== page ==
"You want to do it well and make your best, best effort." Murphy said as he recalled the years he spent as a potter. It was his work as a potter in his younger days that brought him to Sonoma.
Back in the 1970's pottery, crafts and art as something functional, like textiles was in vogue. "Stuff like Macramé was a trend, back then."
Murphy hoped his pottery would earn him a living. Well, with a wife and child to support just becoming a larger part of his life then, he took the advice of a friend who invited him to check out the art scene of Northern California. Leaving San Francisco and its familiarity, he and wife Rose and then toddler son Tony embraced Sonoma with its Old Mission town charm
and slower pace of life.
"And the weather was so much better compared to fog in the City, where we were," he said. Little Tony would soon welcome two more siblings as the Murphy's had two daughters Katie and Monica. "I needed a stable income and teaching was the most viable for me." he said.
He was so thankful that he pursued art and got a Masters in Fine Art from California College of the Arts,
then called by another name and just the one campus in Oakland. "That is another story entirely, if you want to do some background checking," said Murphy. Look up Simon J. Blattner, he was responsible for the name change." Murphy recalled Blattner who now serves on the Board of Trustees
for the college, as a "pretty aggressive guy; maybe he was under a lot of pressure?" Murphy mused and noted. "At one time there was a debate between what should be considered art and what should be defined as a craft." "Seems silly now, but back then, said Murphy there was tension on that subject." Murphy hinted that Blattner could most likely go into more detail. Yet, Murphy did praise Blattner saying,"he's got an amazing art collection, like a museum." Interestingly, Blattner also serves on the Board of the Sonoma Valley Museum of Art.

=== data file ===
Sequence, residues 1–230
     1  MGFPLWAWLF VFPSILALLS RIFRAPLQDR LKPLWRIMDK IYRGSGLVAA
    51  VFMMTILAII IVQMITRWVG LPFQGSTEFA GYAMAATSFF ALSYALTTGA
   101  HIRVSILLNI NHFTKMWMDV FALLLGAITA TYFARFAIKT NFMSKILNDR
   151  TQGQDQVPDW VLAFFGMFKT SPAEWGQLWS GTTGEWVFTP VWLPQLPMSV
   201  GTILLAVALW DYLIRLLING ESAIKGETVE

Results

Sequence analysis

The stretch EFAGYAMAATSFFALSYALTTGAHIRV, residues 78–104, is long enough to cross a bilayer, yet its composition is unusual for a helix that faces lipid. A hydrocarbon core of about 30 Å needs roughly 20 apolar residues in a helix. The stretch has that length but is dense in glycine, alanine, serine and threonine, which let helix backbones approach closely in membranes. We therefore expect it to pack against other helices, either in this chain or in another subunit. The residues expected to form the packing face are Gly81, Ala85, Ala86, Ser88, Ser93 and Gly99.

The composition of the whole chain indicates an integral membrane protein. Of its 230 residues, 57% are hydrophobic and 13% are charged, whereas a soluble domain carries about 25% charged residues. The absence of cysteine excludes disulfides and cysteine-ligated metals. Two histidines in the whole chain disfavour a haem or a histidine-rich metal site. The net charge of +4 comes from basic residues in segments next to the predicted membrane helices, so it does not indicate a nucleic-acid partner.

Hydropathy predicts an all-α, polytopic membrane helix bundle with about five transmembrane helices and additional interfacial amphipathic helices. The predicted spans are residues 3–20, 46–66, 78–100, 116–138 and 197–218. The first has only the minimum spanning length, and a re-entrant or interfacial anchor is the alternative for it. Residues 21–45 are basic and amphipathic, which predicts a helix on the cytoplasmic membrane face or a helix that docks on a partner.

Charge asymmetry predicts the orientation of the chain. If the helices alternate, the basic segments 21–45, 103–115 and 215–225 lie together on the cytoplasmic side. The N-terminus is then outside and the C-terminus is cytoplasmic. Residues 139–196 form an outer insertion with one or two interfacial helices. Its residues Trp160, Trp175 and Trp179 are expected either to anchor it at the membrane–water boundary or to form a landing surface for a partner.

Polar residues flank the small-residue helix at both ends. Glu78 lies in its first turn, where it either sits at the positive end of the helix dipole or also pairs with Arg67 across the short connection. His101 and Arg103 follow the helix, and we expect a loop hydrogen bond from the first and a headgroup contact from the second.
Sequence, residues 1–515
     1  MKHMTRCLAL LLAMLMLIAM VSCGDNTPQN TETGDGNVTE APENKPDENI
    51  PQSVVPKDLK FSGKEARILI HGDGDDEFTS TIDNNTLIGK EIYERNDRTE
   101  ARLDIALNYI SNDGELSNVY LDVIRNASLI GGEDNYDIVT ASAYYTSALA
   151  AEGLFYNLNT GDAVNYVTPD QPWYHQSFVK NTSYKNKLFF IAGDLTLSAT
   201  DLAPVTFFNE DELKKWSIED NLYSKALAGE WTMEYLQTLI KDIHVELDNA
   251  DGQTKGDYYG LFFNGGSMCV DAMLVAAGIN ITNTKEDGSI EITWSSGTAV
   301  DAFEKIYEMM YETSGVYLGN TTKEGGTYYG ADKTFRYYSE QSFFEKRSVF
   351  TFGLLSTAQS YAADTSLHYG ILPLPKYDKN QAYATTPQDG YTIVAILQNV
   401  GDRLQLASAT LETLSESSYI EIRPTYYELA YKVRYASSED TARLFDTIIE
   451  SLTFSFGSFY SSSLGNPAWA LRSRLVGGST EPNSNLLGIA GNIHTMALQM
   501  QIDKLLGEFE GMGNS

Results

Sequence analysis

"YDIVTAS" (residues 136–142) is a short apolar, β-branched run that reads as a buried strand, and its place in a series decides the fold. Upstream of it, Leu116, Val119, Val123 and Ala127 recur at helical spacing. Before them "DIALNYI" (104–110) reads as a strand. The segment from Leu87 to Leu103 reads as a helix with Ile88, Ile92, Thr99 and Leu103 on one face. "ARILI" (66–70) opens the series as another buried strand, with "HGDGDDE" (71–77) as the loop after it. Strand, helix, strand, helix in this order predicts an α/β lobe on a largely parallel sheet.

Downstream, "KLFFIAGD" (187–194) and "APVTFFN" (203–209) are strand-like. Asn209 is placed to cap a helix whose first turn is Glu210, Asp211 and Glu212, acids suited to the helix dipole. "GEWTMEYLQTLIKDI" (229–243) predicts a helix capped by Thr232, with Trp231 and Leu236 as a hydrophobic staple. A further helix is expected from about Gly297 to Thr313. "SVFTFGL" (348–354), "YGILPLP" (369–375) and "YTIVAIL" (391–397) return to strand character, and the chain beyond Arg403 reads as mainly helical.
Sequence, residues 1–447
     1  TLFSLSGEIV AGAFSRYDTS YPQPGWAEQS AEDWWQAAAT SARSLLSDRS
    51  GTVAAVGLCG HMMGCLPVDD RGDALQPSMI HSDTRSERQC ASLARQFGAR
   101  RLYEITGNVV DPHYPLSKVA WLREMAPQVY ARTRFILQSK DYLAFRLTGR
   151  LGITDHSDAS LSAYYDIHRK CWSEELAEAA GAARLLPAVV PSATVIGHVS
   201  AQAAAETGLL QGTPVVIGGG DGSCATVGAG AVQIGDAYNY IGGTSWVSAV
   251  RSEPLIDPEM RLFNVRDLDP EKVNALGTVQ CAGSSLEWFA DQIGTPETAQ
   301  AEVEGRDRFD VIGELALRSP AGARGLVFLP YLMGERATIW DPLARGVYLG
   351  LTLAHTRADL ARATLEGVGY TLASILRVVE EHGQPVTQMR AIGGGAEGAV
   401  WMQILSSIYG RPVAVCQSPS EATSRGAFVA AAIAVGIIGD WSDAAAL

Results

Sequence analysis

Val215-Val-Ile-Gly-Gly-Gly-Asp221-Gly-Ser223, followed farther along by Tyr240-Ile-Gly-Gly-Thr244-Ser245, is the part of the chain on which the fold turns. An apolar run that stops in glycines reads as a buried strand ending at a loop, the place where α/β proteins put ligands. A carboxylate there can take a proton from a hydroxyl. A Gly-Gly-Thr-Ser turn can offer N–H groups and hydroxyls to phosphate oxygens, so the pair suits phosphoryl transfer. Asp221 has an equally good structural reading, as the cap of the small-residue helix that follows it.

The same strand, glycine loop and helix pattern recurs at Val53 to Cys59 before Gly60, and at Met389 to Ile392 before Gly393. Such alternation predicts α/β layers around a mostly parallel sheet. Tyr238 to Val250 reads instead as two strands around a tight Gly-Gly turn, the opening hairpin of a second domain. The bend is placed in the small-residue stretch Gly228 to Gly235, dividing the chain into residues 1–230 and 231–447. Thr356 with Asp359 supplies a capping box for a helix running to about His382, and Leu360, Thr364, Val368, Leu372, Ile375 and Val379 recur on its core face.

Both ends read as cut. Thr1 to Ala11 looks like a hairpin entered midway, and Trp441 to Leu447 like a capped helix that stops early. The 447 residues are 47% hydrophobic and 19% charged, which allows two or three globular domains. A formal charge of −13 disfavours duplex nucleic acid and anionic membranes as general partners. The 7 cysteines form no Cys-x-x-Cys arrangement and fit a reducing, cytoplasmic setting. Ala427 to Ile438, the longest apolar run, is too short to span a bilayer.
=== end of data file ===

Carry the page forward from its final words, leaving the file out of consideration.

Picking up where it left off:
Murphy used his GI Bill to pursue his art education.
"I always knew I would do something in art." His enthusiasm picked up when he talked about his art school days at what is now called the San Francisco Art Institute on Chestnut Street.
"That environment was so invigorating for me, the atmosphere of creativity, the scent of turpentine and paint thinner in the studio-classrooms, inspired me, much more so than any academic setting," he said.
He talked about his art teacher the renowned figurative movement artist Joan V. Brown
. "She wanted us to capture movement and essence," so all the models she would have us sketch were dancers, dancing."
This reporter laughed, when he said, "and we students would all moan and groan, because it was hard to do." Then he looked at me and said, "remember I told you art was not instant." Murphy explained that like that impulsive adolescent I was back in the 1980's, he too had to discipline himself to learn the skills.
"Joan wanted us to learn how to capture essence and movement and not just sketch like a photograph," he said." Brown was awarded at least four awards in her career, including a National Endowment for the Arts award-grant twice, once in 1976 and again in 1980.
Murphy would go on to extend his education even further beyond art grad school by getting a degree in English. He did that so he could teach more classes and join the faculty at Napa Valley's Justin-Siena High School. (This reporter's 'Alma mater').